Message from Icon Oncology CEO on COVID-19
British mother, Kay Puddington had to make a decision no mother wants to make, ever – knowing when to let her little boy go. Her son Reece (11) had neuroblastoma, an incurable cancer, and had already spent more than half of his life fighting the disease, submitting to gruelling treatments that extended his life, but could not cure him.
Kay told reporters that after six years of treatment, they had decided it was time to stop and let Reece be as comfortable as possible for the remainder of his life. “The whole family was in agreement; it would be unfair on him to continue trying to treat him. I had to know when enough was enough,” she told the media.
Reece’s story goes to the heart of one of the most controversial and sensitive issues in oncology – the question of palliative chemotherapy; that is, treatment provided to patients in end-stage cancer to relieve symptoms and extend life without hope of a cure. But there is an issue of whether patients are properly informed and educated about this choice.
“So many patients have palliative chemotherapy, thinking and hoping it is going to cure them. So many can’t accept that it is really just buying them time,” says social worker, Caron Majewski from GVI Oncology, an ICON-affiliated oncology practice.
Now new research is indicating that palliative chemotherapy might be doing more harm than good. The study published in July 2015 in the JAMA journal by researchers at the Centre for Research on End-of-Life Care and the Irving Sherwood Wright Professor in Geriatrics at Weill Cornell Medical College, New York City, found that chemotherapy did not improve quality of life in terminally ill patients and, in fact, made it worse. There was also no benefit to overall survival for the 661 patients with progressive metastatic cancer who were involved in the study.
Another recent study by doctors at the Dana-Farber Cancer Institute in the US revealed that patients who received chemotherapy towards the end of their life were more likely to die in a hospital intensive care unit instead of at home, which was their preference. They were also more likely to be placed on a ventilator.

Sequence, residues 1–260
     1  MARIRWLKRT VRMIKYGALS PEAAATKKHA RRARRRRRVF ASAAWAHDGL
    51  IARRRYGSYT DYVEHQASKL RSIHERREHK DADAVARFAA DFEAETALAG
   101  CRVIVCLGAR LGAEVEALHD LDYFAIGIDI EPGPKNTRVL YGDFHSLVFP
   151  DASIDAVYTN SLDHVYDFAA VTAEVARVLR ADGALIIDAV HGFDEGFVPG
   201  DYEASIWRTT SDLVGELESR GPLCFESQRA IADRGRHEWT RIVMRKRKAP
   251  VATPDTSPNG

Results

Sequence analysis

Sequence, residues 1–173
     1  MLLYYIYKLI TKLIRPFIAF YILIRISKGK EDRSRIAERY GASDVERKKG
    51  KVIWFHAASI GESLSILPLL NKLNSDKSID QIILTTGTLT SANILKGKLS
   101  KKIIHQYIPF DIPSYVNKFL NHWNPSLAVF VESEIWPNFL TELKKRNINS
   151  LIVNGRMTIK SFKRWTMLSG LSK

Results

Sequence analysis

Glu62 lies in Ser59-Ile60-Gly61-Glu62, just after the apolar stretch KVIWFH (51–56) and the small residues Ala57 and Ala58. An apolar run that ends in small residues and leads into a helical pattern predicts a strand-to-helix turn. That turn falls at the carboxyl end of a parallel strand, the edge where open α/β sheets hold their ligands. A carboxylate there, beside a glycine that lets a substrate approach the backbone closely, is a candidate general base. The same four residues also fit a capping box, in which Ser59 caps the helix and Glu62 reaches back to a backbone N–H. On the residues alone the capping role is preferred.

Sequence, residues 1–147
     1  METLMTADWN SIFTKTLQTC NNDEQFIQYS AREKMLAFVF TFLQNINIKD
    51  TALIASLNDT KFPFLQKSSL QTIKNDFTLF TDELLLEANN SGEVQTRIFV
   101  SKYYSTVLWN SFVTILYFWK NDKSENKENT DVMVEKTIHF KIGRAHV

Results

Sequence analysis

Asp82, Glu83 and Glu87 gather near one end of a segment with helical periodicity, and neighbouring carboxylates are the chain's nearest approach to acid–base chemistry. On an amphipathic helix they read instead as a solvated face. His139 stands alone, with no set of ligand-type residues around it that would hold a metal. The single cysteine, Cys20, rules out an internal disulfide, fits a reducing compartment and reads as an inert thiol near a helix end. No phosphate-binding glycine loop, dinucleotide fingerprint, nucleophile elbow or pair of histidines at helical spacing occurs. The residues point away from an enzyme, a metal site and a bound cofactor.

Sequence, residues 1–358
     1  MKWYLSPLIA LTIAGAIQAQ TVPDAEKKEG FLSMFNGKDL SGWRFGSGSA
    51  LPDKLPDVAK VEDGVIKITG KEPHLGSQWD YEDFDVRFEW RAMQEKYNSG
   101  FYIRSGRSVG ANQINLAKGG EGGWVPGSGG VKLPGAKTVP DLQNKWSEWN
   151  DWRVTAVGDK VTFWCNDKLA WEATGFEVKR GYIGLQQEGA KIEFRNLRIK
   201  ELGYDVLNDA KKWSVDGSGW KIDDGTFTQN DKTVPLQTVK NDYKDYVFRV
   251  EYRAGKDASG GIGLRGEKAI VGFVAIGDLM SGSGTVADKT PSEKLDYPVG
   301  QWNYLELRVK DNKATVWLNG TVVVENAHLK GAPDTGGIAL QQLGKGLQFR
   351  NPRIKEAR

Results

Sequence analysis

The study showed that only 65% of terminally ill cancer patients who chose to continue having chemotherapy died in their preferred place, compared to 80% who chose to stop treatment.
Such findings should give oncologists pause, says SA’s Dr Margie Venter.
“The biggest hurdle in all of this, I think, is this thing called hope. Patients insist on it, they Google it and they believe in it … Hope is not, however, what the terminal cancer patient needs,” says Dr Venter, an oncologist who says that one of the most difficult things she ever had to do was watch her own father die of cancer (read the full article in a recent ICON newsletter).
Dr Venter said that much has been said and written about how doctors, who have the full benefit of knowledge about the limits of medication, will often choose differently for themselves than they would for their patients. And that they should rather make sure that their patients are given the best information to make their own choices.
It’s not only doctors who are faced with questions around palliative care – oncology nurses are in the frontline when it comes to rolling out aggressive treatments and may be put in uncomfortable positions when it is obvious that patients are being encouraged by their families not to give up hope and have false expectations of being cured.
Oncology nurse, Theola Potgieter studied this in her master’s research, which she presented at the recent SASCRO/SASMO Oncology Conference 2015. Potgieter said palliative chemotherapy represented an ethical dilemma – of treating or not treating.
She added that although palliative chemotherapy did work for some patients, offering a better quality of life and a relief from pain and symptoms of cancer, many did suffer from the side effects of treatment.
Oncologist and Clinical Executive at ICON, Dr Lee-Ann Jones says the essence of the problem is that the focus needs to be not on whether patients want treatment or not, but what is important to them under the circumstances and how informed and educated they are about what treatment entails. Patients need to have a clear understanding of the goals of treatment and need to be told what can realistically be achieved with chemotherapy, she says.
“A lot of good work has been done in South Africa around palliative care but more needs to be done, said Dr Jones. “ICON recognises these issues, and over the past few years, has focused on creating access to and improving the quality of end-of-life care.” For instance, ICON promotes the appointment of social workers at ICON-affiliated oncology practices to provide counselling and guidance of cancer patients. They also help to arrange suitable facilities for patients and ensure that they fully understand the implications of treatment and are able to make educated decisions about the course of treatment.
She adds, “The network’s goal is to provide quality cancer care to as many patients as possible and it promotes initiatives to care for the patient’s dignity and individual wishes regarding treatment and palliative care. This also includes setting up proper channels, like social workers, to ensure patients receive emotional and psychological support and have access to the right information to help them make an informed decision.”